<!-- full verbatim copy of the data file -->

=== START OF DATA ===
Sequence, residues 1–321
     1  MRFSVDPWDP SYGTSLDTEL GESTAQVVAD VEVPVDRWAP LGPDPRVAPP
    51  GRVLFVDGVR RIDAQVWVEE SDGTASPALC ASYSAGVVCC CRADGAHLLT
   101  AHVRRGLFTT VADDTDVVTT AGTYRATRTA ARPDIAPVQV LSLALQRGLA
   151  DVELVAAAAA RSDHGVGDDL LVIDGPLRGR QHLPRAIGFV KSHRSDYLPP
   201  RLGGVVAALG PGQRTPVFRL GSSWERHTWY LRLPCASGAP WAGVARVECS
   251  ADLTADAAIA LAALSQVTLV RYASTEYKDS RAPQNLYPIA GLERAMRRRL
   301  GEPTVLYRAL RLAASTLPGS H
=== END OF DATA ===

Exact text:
Sequence, residues 1–321
     1  MRFSVDPWDP SYGTSLDTEL GESTAQVVAD VEVPVDRWAP LGPDPRVAPP
    51  GRVLFVDGVR RIDAQVWVEE SDGTASPALC ASYSAGVVCC CRADGAHLLT
   101  AHVRRGLFTT VADDTDVVTT AGTYRATRTA ARPDIAPVQV LSLALQRGLA
   151  DVELVAAAAA RSDHGVGDDL LVIDGPLRGR QHLPRAIGFV KSHRSDYLPP
   201  RLGGVVAALG PGQRTPVFRL GSSWERHTWY LRLPCASGAP WAGVARVECS
   251  ADLTADAAIA LAALSQVTLV RYASTEYKDS RAPQNLYPIA GLERAMRRRL
   301  GEPTVLYRAL RLAASTLPGS H